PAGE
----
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The effect of the 2012 European Society of Cardiology/American Heart Association Universal Definition of myocardial infarction (MI) on event rates in clinical studies has not been well characterized.
695 subjects hospitalized for acute coronary syndrome (ACS) were enrolled in the Prescription Use, Lifestyle, & Stress Evaluation study. Deaths and hospitalizations during a 12-month period post-hospital discharge were reviewed. We compared the number of MI's according to a definition based on a troponin level above the clinical decision limit for specific assays, versus the 2012 Universal Definition of MI. The composite outcome of death / MI / urgent revascularization was also compared.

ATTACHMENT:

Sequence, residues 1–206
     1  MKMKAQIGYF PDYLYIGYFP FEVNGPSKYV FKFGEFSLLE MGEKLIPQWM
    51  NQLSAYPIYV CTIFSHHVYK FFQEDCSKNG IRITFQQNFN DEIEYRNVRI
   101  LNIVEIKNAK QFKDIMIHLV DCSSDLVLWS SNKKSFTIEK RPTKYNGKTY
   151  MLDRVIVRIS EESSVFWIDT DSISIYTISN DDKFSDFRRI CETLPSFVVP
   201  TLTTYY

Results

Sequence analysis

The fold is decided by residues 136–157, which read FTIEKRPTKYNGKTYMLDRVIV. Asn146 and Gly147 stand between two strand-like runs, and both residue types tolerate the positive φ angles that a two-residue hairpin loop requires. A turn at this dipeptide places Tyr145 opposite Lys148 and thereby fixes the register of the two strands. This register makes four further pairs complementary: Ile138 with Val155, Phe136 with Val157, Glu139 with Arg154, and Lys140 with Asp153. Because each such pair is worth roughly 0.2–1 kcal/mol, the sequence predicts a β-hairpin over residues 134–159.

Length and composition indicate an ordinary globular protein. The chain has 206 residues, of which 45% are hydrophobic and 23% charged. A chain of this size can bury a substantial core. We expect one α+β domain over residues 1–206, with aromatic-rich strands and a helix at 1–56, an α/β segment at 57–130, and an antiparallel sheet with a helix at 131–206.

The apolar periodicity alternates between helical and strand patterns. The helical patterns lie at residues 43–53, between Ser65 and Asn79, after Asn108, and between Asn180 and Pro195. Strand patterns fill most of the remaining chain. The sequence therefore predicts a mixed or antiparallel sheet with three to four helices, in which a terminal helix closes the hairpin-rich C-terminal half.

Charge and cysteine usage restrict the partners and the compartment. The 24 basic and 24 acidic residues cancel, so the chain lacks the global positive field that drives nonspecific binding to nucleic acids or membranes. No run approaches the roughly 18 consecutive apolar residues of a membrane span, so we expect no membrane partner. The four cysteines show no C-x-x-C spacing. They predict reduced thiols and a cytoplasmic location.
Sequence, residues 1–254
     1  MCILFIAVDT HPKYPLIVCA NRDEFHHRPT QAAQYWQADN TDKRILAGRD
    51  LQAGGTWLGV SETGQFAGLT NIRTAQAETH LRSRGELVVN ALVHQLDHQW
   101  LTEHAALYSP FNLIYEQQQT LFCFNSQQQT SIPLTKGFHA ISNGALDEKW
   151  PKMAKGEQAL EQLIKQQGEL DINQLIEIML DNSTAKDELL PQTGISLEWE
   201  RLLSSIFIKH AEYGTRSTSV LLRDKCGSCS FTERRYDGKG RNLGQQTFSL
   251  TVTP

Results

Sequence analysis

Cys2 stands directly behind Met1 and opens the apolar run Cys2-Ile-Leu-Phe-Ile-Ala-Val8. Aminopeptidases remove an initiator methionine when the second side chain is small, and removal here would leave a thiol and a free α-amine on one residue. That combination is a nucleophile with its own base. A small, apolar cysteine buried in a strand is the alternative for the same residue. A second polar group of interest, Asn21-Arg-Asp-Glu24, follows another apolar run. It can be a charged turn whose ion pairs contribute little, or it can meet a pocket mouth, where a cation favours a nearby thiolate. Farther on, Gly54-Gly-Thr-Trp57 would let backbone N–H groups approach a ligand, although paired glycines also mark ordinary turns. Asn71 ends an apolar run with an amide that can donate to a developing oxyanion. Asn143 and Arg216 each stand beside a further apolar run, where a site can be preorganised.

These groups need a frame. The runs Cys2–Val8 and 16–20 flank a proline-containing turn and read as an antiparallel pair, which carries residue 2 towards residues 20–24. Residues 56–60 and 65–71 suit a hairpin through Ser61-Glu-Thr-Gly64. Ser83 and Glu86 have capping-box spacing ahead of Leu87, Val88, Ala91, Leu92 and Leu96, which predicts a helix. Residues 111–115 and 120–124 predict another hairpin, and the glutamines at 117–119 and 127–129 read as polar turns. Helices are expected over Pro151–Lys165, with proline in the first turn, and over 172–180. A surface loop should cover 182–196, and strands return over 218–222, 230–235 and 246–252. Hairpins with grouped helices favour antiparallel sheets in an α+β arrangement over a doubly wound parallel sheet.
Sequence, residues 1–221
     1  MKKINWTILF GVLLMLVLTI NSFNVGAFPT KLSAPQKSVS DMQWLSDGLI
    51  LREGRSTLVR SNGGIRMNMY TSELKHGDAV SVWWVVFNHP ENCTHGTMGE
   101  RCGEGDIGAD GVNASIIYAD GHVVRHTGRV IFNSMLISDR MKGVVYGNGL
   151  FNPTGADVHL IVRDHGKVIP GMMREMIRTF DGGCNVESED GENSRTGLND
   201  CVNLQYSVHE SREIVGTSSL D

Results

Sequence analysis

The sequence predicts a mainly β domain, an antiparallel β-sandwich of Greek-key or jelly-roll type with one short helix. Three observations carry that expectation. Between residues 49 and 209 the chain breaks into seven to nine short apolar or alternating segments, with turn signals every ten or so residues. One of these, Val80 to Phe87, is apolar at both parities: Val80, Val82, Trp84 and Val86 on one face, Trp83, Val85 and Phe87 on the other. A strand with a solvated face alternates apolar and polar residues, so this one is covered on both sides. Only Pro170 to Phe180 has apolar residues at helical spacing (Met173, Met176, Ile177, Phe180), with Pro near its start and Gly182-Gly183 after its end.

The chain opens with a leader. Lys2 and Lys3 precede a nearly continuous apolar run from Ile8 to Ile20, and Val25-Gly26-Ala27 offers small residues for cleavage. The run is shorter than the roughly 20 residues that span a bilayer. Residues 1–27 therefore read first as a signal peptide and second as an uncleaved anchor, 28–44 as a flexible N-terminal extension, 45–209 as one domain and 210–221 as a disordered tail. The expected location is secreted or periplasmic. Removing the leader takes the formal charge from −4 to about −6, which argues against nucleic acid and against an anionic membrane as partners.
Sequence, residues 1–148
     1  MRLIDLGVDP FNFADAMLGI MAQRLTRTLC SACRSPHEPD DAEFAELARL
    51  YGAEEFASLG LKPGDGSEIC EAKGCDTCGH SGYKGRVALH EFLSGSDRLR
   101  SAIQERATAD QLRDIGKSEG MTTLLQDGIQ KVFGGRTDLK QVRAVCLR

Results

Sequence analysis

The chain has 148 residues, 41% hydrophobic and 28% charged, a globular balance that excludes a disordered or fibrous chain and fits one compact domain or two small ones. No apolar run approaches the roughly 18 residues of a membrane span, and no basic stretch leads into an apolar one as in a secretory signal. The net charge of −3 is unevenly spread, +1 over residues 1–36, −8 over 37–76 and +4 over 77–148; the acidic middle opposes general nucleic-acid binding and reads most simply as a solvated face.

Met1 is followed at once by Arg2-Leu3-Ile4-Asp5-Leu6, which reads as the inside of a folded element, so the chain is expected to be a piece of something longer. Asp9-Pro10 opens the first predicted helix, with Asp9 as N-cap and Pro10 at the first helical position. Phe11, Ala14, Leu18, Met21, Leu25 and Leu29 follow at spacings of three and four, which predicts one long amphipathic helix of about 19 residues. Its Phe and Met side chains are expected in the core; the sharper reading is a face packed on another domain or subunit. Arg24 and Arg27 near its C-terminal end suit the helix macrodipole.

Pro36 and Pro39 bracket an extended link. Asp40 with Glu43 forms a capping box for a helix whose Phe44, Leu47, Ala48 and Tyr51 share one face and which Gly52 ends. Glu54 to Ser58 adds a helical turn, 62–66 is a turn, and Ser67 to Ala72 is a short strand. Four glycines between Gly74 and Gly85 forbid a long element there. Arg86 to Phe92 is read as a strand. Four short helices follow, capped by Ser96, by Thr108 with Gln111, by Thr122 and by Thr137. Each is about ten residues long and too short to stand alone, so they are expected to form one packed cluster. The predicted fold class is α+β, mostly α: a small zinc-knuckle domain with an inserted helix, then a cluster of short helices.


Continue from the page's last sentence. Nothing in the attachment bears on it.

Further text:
The mean age was 63.2 years, and 33.5% were female. There were 24 (3.5%) deaths. The number of MI's doubled with the application of the 2012 Universal Definition (29 [4.2%] to 63 [9.1%]). There was also an increase in the composite outcome of death / MI / urgent revascularization, from 89 (12.3%) to 107 (15.4%). Of the 34 additional MI's identified by the 2012 Universal Definition, 15 (41.2%) were type 1 and 16 (51.6%) were type 2.
Application of the 2012 Universal Definition doubled the number of MIs identified and modestly increased our composite outcome of death / MI / urgent revascularization. These results have important implications for planning of future trials in post-ACS patients.
Poster Sessions, Expo North
Saturday, March 09, 2013, 3:45 p.m.-4:30 p.m.
Session Title: STEMI Topics
Abstract Category: 1. Acute Coronary Syndromes: Clinical
Presentation Number: 1171-204
- 2013 American College of Cardiology Foundation